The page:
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Old school Tabletop RPGs

Hexmancer: Procedural Hex Generation System

I needed a simple system for procedurally generating hexcrawl terrain and features, so I made one: Hexmancer. It’s two pages long, including design notes and acknowledgements, and you get to roll funky dice.

What it does

Hexmancer hexcrawls with your hexes, baby!

Hexmancer is designed to procedurally generate a fantasy borderlands/wilderness region in “fantasy Western Europe,” with occasional wasteland and weirdness, on the fly during play. It assumes that you’re placing dungeons/modules and perhaps a feature or two, but otherwise starting out with the PCs in a village surrounded by a blank hex map.

This 1.0 version has been through multiple drafts and rewrites, but hasn’t yet been tested in play.

(Update: I’ve now written up an extended example using 12 actual Hexmancer rolls, and I took that opportunity to tidy up some of the language and update the PDF.))

Other stuff you’ll need

You’ll need five dice: d5, d6, d20, d24, and d30. (The excellent, and free, Purple Sorcerer dice roller includes funky dice.)

Hexmancer will generate terrain, tell you when features are present, and determine what those features are — but you’ll need to create the actual features.

The recommended resources section used to be more robust, but I edited it in February 2020 after the current owner of Judges Guild turned out to be a massive fucking asshat.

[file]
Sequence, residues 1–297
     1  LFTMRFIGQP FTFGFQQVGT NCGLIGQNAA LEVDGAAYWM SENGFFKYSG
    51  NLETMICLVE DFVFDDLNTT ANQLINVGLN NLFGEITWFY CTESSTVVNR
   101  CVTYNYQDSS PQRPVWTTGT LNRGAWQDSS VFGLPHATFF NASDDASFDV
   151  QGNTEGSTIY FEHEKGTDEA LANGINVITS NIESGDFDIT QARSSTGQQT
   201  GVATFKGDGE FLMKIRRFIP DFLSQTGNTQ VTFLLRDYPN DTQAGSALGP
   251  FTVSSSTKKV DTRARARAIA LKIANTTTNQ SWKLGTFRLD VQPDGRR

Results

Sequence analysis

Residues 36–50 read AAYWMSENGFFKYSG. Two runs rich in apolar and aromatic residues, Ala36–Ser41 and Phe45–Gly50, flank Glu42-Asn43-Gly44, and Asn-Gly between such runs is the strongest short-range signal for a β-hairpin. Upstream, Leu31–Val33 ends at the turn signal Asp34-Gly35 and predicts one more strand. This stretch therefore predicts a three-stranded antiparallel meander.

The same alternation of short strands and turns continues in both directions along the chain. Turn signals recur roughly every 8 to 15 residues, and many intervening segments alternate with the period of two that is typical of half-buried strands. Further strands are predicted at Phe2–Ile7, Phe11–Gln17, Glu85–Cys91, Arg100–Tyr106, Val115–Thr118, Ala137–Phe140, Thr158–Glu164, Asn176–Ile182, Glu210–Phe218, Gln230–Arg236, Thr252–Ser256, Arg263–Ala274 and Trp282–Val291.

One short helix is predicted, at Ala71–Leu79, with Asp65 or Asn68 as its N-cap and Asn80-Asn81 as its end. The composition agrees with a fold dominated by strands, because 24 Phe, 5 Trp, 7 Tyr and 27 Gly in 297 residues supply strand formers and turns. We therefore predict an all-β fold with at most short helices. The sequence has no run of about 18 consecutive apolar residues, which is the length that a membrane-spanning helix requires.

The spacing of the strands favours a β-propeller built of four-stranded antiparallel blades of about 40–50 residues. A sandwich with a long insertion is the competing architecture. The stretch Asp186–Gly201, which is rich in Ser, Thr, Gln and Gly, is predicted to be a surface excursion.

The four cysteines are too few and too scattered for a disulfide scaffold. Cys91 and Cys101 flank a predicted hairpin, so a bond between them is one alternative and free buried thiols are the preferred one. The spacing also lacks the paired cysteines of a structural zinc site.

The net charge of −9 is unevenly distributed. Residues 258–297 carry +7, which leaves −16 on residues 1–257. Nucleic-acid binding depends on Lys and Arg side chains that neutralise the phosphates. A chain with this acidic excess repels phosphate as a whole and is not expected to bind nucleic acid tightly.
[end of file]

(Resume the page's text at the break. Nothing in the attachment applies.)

Acknowledgements

Hexmancer is based on the system found in Wilderness Hexplore Revised, which was created by Jedo of the New York Red Box forums. The core “Terrain > Feature? > Feature” mechanic and the broad relationships between terrain types in Hexmancer owe the most to Jedo’s system.

If you use Hexmancer, I’d love to hear how it went!

3 replies on “Hexmancer: Procedural Hex Generation System”

Very cool. I have a copy of “Source of the Nile” which uses a procedural generation technique for generating terrain, in this case in Africa.

There is, or was in the original version, a “bug” in that hexes tended – by design – to be similar to the ones you had come from.

It was possible under certain circumstances for an evil explorer to walk from side to side on the map, “knitting” the same sort of terrain across vast swaths of Africa. Jungles could be cut by arrow-straight swaths of veldt or swamp and so forth.

Thanks for this article an the links from it. Most useful, and makes me want to run a blank hexsheet exploration campaign.

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